It is funny how when you discover something you'd never noticed before you suddenly start seeing it everywhere you look. Ida Lupino has been that way with me recently. Her’s was a name I’d heard before but wasn’t really familiar with. It was one of those names I’d seen in reviews or movie discussions that stuck in my brain but that I didn’t really associate with anything. I’d seen her in High Sierra with Humphrey Bogart years ago, but whatever impression she left had long since slipped my memory. Then a few weeks ago I randomly watched On Dangerous Ground. Lupino plays a small, but memorable, role towards the end of the film. I was mesmerized by her. A couple of weeks later I had a boxed set of films she had directed to review. Now here I am reviewing her turn in this film-noir from 1951. In just a few months, I’ve gone from barely knowing her name to quickly becoming a super-fan.
What I love about Lupino as an actress is that she can simultaneously look both vulnerable and tough. If she was around today, they’d probably make her a big action star. A Linda Hamilton-type who has no fear and kicks butt with more fervor than her male counterparts. But Lupino never loses her femininity. She’s tough for sure, but she can also be terrified, and often needs a man to rescue her. There is plenty of heart with her brawn.
Here, she plays Deborah Chandler, a woman who marries the wrong man and immediately regrets it. He’s Selden Clark (Stephen McNally), a man who works for her father’s mill and has big plans. The father doesn’t like Selden and warns Deborah off of him at first, but he’s always been nice to her and there isn’t anybody else in this town anyway. Still, she doesn’t marry him while the father is alive. But when he dies in an accident at the mill, swallowed up by grief, she agrees to marry Selden.
On their honeymoon, she learns the truth. Selden murdered her father to take control of the mill and doesn’t mind doing the same to her if she gets in his way. That night, she escapes the mountainside cabin they are taking their honeymoon in only to learn that Selden cut the brakes as she flies down the mountain with no way to stop. She manages to jump out just before the car flies off a bridge and into the river.
The local authorities figure she died in the crash but when they don't find a body, Selden isn’t so sure. He offers a $5,000 reward for her return, which is published in all the nearby newspapers. Meanwhile, Deborah takes a bus to the nearby city of Raleigh, with no idea of what to do next. She fears that if she goes to the authorities they won’t believe her story and will push her into getting back together with Seldon.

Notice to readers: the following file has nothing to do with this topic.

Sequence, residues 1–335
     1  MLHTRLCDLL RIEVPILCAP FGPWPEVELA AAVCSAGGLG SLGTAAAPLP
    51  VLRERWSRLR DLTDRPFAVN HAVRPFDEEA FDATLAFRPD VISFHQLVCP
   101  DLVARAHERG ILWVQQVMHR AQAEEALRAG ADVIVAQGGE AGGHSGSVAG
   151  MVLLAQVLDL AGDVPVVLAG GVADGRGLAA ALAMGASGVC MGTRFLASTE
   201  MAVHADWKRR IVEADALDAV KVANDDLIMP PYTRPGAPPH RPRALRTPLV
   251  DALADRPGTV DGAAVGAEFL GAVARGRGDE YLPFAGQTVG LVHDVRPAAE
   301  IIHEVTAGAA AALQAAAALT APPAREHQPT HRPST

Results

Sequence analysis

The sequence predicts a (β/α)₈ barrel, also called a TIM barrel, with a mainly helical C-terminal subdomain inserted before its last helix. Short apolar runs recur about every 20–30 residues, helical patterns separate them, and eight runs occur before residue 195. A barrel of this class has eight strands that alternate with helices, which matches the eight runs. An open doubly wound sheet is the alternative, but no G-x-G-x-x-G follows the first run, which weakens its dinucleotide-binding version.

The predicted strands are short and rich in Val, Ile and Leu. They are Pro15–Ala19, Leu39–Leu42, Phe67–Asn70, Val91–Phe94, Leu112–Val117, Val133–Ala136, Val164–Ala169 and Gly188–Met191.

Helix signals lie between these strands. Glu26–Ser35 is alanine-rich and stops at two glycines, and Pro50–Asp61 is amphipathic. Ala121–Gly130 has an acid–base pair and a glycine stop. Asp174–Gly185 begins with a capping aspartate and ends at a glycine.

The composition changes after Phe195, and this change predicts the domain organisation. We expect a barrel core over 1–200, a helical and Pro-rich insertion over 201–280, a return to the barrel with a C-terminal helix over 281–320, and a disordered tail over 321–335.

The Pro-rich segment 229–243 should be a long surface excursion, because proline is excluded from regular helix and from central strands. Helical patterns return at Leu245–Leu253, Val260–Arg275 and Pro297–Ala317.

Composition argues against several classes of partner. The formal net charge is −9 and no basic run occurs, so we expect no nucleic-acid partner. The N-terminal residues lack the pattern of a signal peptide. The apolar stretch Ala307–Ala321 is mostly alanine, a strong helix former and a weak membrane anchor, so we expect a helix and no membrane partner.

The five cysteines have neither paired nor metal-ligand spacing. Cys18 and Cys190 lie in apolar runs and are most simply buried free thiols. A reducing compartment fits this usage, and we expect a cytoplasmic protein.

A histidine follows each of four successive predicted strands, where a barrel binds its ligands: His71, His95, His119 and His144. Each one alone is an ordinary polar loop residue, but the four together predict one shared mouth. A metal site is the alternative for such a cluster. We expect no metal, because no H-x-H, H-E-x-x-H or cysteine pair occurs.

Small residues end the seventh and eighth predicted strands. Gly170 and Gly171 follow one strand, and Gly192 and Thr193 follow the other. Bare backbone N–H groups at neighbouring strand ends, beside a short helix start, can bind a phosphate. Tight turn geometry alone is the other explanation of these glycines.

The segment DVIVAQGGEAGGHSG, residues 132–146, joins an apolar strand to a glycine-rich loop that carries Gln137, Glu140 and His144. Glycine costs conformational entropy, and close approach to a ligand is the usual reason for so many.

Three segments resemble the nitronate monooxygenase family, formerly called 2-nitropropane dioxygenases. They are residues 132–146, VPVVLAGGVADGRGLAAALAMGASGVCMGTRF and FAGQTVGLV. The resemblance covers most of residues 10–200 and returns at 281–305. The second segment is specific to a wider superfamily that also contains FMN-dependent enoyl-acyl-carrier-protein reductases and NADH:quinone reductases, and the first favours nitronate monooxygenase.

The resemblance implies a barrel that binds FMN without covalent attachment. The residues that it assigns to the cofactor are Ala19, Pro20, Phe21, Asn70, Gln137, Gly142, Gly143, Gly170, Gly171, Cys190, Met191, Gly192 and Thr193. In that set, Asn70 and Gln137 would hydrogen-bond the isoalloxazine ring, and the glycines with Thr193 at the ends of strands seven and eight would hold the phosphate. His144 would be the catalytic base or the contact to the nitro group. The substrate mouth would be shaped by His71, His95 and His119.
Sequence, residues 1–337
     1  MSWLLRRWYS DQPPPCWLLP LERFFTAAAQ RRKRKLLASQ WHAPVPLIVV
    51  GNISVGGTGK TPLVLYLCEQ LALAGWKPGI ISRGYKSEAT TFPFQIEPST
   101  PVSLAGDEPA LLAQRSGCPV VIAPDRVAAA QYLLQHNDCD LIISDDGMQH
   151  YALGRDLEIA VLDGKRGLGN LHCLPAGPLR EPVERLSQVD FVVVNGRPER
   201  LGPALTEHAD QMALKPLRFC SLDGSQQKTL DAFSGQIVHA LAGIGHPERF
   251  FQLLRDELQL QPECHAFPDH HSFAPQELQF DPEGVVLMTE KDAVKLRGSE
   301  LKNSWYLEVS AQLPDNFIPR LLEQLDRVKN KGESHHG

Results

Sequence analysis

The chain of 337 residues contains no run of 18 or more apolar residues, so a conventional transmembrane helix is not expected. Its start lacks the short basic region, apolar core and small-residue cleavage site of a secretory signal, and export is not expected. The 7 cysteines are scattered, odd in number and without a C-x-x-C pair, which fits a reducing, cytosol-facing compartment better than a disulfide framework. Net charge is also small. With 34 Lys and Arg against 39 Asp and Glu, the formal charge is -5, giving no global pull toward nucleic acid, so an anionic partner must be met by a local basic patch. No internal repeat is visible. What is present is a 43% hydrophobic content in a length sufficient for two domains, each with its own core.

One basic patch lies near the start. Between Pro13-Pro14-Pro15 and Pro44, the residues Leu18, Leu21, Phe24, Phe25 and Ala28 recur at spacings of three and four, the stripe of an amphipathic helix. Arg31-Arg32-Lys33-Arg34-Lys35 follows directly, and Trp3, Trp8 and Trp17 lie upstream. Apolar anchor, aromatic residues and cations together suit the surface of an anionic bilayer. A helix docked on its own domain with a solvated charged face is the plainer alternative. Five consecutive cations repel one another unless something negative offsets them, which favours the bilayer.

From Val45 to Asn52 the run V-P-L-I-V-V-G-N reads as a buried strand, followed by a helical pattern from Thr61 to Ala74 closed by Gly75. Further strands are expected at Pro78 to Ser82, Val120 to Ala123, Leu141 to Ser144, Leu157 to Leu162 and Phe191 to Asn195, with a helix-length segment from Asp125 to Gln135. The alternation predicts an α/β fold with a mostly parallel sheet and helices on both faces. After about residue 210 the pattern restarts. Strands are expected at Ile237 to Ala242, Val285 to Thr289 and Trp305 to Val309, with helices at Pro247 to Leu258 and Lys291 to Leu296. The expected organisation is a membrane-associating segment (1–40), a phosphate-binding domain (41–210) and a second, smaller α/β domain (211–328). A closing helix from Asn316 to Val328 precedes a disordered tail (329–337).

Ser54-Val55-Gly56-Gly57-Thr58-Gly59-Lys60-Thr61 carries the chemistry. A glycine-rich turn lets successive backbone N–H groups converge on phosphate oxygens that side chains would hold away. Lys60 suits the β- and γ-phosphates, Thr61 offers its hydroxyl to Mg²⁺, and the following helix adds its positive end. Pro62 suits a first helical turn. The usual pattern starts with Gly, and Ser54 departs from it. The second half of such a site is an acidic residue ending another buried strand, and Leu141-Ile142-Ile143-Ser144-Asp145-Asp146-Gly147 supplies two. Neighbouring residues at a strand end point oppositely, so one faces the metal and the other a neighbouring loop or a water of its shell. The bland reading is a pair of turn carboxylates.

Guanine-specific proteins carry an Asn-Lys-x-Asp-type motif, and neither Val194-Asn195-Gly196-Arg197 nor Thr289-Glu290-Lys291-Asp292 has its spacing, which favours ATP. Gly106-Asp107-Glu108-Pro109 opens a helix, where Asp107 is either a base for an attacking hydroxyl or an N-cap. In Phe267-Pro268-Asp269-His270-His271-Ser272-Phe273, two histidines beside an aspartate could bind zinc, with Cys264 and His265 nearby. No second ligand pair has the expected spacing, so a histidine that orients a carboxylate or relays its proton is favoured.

The film never quite makes me believe this. In the moments after the crash, I can see why she would run, but there are several scenes later in the film where the police come near her and she’s scared out of her mind. But she’s not a criminal, she hasn’t escaped prison, so there is no reason the authorities would be looking for her. And if they did recognize her, it seems logical that she could explain the situation and there would be an investigation. So we suspend that disbelief a little and move on.
Keith Ramsey (Howard Duff), an ex-GI who is just drifting about, recognizes her from her picture in the paper, follows her about a bit, then calls Selden in hopes of getting that money. In the meantime, he gets to know her and naturally falls for her. It all leads up to an exciting chase scene back at the mill and an ending that’s supposed to be sweet but winds up being strange and somewhat menacing.
Director Michael Gordon keeps things moving quickly and fills the film with one tense scene after another. They don’t always work - see my comments above about her run-ins with the law for an example - but they often do. There is a wonderful scene in a motel in which there is some kind of convention that's turned into a massive party. It is loud and chaotic and quite chilling. The big finale sequence at the mill is a stunner.
The cinematography is by William H. Daniels, who creates magic with his use of light and shadows. It is this that really makes the film a noir as the plot is much more melodramatic. I’ve been watching a lot of classic film noir these past few weeks and the photography in this holds up against the very best.
The entire cast is great but Lupino remains the standout. In a lesser actress' hands, Deborah would a sniveling, shrieking, wimp. Lupino certainly gives the character the face of someone who is afraid (and suspicious looking to any cops that actually looked at her) but there is an undercurrent of strength. She relies on Keith to save her, but she’s not afraid to fight back either.
All in all, it is a terrific little noir that’s a little light on story, but elevated by some great photography and a fine performance from Lupino. Well worth seeking out once you’ve watched all the classic noir.
Kino Lorber presents Woman in Hiding with a 1080p transfer and a 1.37:1 aspect ratio. Extras include an audio commentary by film historian Kat Ellinger and trailers for upcoming releases by the company.